bio | website | |
---|---|---|
location | London, UK | |
age | 24 | |
visits | member for | 4 years, 4 months |
seen | Jul 20 at 15:00 | |
stats | profile views | 945 |
I am currently in my final year of study for an undergraduate master's degree in maths at Imperial College, London. I seem to have been doing a surprising amount of geometry recently.
Jul 2 |
awarded | Curious |
Apr 4 |
accepted | ζ(-n) and “powers” of Grandi's series |
Feb 26 |
asked | ζ(-n) and “powers” of Grandi's series |
Nov 9 |
comment |
Optimal inspection path on a sphere
I asked a more general version of this question here: mathoverflow.net/questions/22016/… Edit: incidentally, it's not completely obvious to me that γ(d) should be a spiral for small d. |
Oct 30 |
comment |
Securing privacy of “who communicates with whom” under Orwell-like conditions
@GerhardPaseman, the question's asking about keeping "who's communicating with whom" private. If a package was being delivered by post, then finding out who sent and received it would not be difficult, unless you have some sort of routing protocol for post in mind (which, it seems to me, reduces the postal privacy problem to the online version). Also, post is quite a lot slower than the Internet, and not suitable for many purposes. Or have I misinterpreted your comments? |
Oct 18 |
accepted | Generalized Moore Graphs |
Oct 17 |
comment |
Generalized Moore Graphs
Thanks. Can you give any details about the search algorithm you used, or is that still "under embargo" until you publish? Specifically, I'm interested in (1) whether there are any speedups beyond what's been known for decades, and (2) how long ago your study was - could we get better results with today's computers? |
Oct 17 |
asked | Generalized Moore Graphs |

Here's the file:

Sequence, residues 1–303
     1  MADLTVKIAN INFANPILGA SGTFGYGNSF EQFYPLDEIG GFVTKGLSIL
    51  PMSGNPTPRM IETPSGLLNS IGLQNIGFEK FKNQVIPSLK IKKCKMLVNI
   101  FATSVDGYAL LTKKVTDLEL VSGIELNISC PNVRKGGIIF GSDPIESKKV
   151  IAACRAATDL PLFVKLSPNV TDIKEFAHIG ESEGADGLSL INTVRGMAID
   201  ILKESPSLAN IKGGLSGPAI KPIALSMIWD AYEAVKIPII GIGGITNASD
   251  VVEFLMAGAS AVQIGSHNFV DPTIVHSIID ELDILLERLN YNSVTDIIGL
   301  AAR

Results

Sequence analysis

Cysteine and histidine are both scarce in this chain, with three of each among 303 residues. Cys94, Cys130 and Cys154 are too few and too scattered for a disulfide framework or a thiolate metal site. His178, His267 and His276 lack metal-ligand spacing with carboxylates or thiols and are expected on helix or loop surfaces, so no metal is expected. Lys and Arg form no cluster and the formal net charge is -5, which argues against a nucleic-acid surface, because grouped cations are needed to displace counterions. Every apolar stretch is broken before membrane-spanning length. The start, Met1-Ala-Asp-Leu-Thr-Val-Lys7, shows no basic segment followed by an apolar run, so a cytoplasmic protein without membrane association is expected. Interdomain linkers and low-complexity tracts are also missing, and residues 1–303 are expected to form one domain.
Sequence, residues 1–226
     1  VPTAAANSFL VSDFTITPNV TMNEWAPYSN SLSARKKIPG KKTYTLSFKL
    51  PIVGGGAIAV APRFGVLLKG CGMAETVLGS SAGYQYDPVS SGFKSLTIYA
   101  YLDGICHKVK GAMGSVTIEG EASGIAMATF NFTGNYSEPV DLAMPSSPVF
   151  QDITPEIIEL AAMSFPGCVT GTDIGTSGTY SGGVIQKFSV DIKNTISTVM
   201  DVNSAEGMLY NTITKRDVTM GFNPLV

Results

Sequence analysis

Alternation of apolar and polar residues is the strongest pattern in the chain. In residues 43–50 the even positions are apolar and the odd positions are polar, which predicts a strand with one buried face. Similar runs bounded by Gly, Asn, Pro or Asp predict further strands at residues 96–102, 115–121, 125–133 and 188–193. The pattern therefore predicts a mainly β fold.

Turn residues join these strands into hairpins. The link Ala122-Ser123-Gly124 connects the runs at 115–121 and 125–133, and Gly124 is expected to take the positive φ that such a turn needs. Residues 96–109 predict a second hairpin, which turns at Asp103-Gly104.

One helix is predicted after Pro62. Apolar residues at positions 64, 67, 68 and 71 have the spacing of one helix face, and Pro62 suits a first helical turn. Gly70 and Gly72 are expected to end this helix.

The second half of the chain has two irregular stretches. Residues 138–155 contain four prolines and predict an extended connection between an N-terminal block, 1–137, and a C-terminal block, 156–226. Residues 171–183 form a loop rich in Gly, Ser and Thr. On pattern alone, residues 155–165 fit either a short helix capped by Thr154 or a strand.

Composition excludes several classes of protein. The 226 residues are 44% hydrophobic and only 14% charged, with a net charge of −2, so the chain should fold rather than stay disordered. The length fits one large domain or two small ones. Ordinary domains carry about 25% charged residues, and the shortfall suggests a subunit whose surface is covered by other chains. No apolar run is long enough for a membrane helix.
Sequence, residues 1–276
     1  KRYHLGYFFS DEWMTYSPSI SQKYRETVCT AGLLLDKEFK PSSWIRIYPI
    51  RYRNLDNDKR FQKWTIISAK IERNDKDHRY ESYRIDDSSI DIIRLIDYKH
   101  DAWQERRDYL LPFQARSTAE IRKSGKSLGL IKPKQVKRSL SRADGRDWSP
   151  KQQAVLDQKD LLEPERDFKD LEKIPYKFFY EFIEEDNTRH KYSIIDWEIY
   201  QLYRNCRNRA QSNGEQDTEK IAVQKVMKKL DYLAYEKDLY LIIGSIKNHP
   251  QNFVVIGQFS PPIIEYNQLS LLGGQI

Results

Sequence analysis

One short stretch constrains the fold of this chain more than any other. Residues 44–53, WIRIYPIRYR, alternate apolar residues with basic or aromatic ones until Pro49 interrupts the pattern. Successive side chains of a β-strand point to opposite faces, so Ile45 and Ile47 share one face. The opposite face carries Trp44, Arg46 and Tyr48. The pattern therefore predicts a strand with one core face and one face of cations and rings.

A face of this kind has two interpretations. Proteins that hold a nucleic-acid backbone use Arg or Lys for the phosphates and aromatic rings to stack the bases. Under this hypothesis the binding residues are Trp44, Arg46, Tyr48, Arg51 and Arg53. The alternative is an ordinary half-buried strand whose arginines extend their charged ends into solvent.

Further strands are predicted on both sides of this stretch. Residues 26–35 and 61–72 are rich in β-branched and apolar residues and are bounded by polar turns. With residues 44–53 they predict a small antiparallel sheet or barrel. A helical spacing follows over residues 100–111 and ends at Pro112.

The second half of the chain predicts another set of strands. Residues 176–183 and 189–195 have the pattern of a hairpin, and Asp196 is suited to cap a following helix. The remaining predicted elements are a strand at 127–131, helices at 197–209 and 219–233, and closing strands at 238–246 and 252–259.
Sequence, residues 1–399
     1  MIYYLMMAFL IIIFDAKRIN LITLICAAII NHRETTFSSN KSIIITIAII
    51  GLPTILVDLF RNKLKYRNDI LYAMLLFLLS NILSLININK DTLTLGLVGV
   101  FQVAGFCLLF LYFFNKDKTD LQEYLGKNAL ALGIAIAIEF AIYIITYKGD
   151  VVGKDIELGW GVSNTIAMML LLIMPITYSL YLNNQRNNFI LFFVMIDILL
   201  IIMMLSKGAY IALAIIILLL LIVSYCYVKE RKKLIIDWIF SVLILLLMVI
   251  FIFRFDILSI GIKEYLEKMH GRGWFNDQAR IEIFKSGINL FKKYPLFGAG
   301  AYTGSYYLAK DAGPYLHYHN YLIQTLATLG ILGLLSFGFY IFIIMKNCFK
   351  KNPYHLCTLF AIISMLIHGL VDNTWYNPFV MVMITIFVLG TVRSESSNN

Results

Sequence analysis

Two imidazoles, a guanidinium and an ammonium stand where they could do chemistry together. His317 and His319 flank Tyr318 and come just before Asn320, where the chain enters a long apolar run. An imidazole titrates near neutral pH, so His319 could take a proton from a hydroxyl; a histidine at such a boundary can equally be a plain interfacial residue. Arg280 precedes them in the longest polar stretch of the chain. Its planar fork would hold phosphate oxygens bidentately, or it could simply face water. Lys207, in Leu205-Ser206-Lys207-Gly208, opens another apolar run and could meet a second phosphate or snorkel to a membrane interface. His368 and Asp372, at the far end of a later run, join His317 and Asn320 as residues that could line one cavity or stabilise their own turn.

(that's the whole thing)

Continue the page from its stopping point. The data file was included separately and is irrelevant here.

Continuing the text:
Oct 16 |
awarded | Popular Question |
Oct 6 |
awarded | Caucus |
Aug 25 |
comment |
How to find or constrain “particularly good” (two-sided) spectral expanders?
Thanks. Because I'm not familiar with the literature, it didn't occur to me that this would be a point of confusion. Done. |
Aug 25 |
revised |
How to find or constrain “particularly good” (two-sided) spectral expanders?
Clarified what is meant by "two-sided expander" |
Aug 25 |
comment |
How to find or constrain “particularly good” (two-sided) spectral expanders?
Just in case there's still any confusion: since λ1 is equal to k and hence fixed, a large spectral gap is equivalent to a small λ2. Such graphs are sometimes called one-sided expanders, to contrast them with two-sided expanders where both λ2 and -λn are small. For simplicity, I write λ simply to denote the maximum of λ2 and -λn. |
Aug 25 |
comment |
How to find or constrain “particularly good” (two-sided) spectral expanders?
Sorry, perhaps my question is poorly typeset. There's a comma in the definition of λ; it should read max(λ2,-λn) i.e. the largest of the two eigenvalues in absolute value. Perhaps max(|λ2|,|λn|) would have been clearer. |
Aug 24 |
asked | How to find or constrain “particularly good” (two-sided) spectral expanders? |
Jun 18 |
revised |
Manifold of immersions of a manifold
punctuation (missed full stop). |
Jun 18 |
asked | Manifold of immersions of a manifold |
Jun 5 |
comment |
Delta-convex functions and inner products
As far as I can tell, yes (up to an affine function). |
Jun 4 |
comment |
Delta-convex functions and inner products
Nevertheless, there are some functions for which a canonical choice does exist. For example, if f is a sum of functions of each component of x, then f can be decomposed componentwise (this covers quadratics, for example). Is that as far as we can go, or could there be a bigger space of functions with canonical decompositions? |
Jun 2 |
comment |
Delta-convex functions and inner products
Thanks very much. However, I'm not quite clear how you're defining your example functional - I'm struggling to think of an interpretation which is both finite for functions such as quadratics, whose gradient is not globally BV, and also well-defined for arbitrary functions whose gradient is globally BV. |